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|Hernando de Soto
leader of the first European expedition to see the Mississippi River
Hernando de Soto was born at Villanueva de la Serena, Badajoz, Spain. In 1516 he was made Captain of a troop of horsemen by the Governor of Darien. He subsequently took an active part in the Spanish conquest of parts of Central America. By the time he returned to Spain in 1536, Soto had amassed about 18,000 ounces of gold as his share of the conquest booty. Settling in Seville, he used part of his bounty to establish a lavish estate. In 1537, he married the daughter of the Governor.
Like many other Spaniards of the day, Soto was enchanted by the exaggerated tales being told by Cabeza de Vaca, who had sailed the Gulf Coast of a land the Spanish called Florida. Ever the adventurer, Soto subsequently sold all of his property and used the money to outfit an expedition to conquer the lands seen by Vaca. Thanks to King Charles V, to whom he had loaned money, he was named Adelantado of Florida, Governor of Cuba, and Marquis of any portion of Florida he desired.
In April of 1538, Soto sailed from Spain at the head of an expedition consisting of about 950 soldiers, 8 priests, and a fleet of 10 ships. The expedition reached the Canary Islands on Easter Sunday, and reached Cuba a few weeks later. Once in Cuba, Soto did what he could to improve the living conditions of his "subjects." He also took time to gather as many good horses as possible for his planned expedition to Florida. On May 18, 1539, Soto set sail from Cuba with 9 ships and about 1,000 men.
On May 30, 1539, the Soto expedition dropped anchor at Espiritu Santo, present-day Tampa Bay. Leaving the ships at anchor, the majority of the expedition moved inland and began what would eventually be a 3-year trek. As the expedition moved north, it was constantly under threat from Indians who had already come to hate the Spaniards based on previous experiences. Those Indians who chose to talk rather than fight regaled the Spaniards with tales of vast wealth to be found at various locations, and each time Soto followed their directions only to discover no wealth. In reality the Indians were simply trying to keep the Spaniards as far away as possible.
Soto eventually made it to a village known as Apalache, where he established temporary headquarters. From there he sent an exploratory party to the west, which returned with reports of an excellent harbor now known as Pensacola Bay. Another group of men was sent back to Espiritu Santo with orders to bring the ships and supplies to what is now St. Marks on Apalachee Bay. In February 1540, he sent two ships back to Havana with orders to return in October with as many additional ships as possible, as well as munitions, provisions, and other supplies.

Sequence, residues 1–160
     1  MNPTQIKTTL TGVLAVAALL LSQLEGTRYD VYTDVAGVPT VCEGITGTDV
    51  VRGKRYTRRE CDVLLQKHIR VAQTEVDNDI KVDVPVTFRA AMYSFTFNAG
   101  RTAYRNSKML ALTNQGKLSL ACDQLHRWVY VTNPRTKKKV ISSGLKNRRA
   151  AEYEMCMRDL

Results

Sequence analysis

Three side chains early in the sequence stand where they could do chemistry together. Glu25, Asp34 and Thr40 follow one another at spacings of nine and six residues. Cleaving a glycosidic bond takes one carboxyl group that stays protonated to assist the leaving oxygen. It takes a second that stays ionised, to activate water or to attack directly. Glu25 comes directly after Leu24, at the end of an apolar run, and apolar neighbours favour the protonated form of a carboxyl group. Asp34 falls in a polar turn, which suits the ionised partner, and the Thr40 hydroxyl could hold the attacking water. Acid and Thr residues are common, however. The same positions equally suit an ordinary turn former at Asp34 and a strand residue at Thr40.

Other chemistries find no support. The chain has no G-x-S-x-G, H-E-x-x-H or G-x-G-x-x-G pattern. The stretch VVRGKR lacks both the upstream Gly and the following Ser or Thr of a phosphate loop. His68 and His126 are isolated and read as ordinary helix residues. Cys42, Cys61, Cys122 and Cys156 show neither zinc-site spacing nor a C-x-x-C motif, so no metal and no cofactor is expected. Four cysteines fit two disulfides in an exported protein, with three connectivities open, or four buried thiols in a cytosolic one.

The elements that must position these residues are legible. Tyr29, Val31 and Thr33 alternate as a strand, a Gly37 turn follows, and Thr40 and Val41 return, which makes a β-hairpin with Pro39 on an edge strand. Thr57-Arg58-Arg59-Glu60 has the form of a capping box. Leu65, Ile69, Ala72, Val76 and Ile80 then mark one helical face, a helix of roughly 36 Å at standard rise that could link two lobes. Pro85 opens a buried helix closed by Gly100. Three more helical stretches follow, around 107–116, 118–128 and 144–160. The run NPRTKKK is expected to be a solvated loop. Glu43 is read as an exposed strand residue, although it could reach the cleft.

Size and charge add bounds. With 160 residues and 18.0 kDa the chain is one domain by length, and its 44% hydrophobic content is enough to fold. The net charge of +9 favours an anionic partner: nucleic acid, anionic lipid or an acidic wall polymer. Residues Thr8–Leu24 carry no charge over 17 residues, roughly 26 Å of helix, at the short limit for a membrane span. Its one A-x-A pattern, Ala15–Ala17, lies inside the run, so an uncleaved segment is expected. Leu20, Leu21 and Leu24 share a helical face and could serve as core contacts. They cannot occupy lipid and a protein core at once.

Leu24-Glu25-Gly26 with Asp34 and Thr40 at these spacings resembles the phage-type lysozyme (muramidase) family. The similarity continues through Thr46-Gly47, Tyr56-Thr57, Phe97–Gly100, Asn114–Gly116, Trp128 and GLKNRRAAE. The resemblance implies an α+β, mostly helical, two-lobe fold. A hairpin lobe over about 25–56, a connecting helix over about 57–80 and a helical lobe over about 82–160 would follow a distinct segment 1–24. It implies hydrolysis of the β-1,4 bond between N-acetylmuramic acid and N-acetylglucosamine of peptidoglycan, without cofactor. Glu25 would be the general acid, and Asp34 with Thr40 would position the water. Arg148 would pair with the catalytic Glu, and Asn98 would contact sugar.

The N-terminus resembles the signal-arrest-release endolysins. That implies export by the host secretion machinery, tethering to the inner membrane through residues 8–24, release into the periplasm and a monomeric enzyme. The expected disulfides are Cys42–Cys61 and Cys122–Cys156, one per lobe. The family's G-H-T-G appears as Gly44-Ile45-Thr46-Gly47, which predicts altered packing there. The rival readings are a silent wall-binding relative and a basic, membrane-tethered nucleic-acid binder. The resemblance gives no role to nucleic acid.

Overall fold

In March 1540, Soto left Apalache with the intention of exploring the country to the north. The expedition crossed into Georgia and proceeded on to the Savannah River, which it followed to the Blue Ridge Mountains. After crossing the mountains it descended the Alabama River to Mabila, site of a large Indian village. At Mabila, Soto and his men came under heavy attack. Although the Spaniards eventually won the battle, a great number of them were killed and wounded. Soto was forced to delay further explorations for several days in order to allow his men to recuperate and regroup. By this time many of Soto's men had grown tired of the constant Indian attacks and consistent lack of reward for their efforts. Knowing that his men were on the verge of mutiny, Soto decided not to rendezvous with his supply fleet and to instead march into the interior. He reasoned that his men would not dare attempt to desert so long as they were too far inland to safely make it to the sea and await rescue by ship, and it was his intention to march his men all the way to New Spain (Mexico).
In May 1541, the Soto expedition became the first Europeans to sight the Mississippi River, which it crossed in the northeastern part of present-day Mississippi. From there it went west and south, eventually reaching what is now the Washita River, where it went into winter quarters. Soon after returning to the Mississippi River in May or June of 1542, Soto contracted a fever and died; his men weighted down his body and threw it into the river to keep the Indians from finding and desecrating it. What was left of Soto's expedition came under the command of Luis de Moscoso. After an ill-fated attempt to reach New Spain by land, the survivors returned to the river. They then built crude boats in order to float down the river and into the Gulf of Mexico, and eventually made it to Tampico, a Spanish village on the coast of Mexico.
Despite the many disastrous aspects of Soto's expedition, it was the first extensive European exploration of portions of what are now the states of Florida, Georgia, South Carolina, North Carolina, Tennessee, Alabama, Mississippi, Arkansas, and Texas. The expedition also provided the first descriptions of the Cherokee, Seminole, Creek, Appalachia, Choctaw, and other southeastern tribes.
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This page was last updated on 05/30/2017.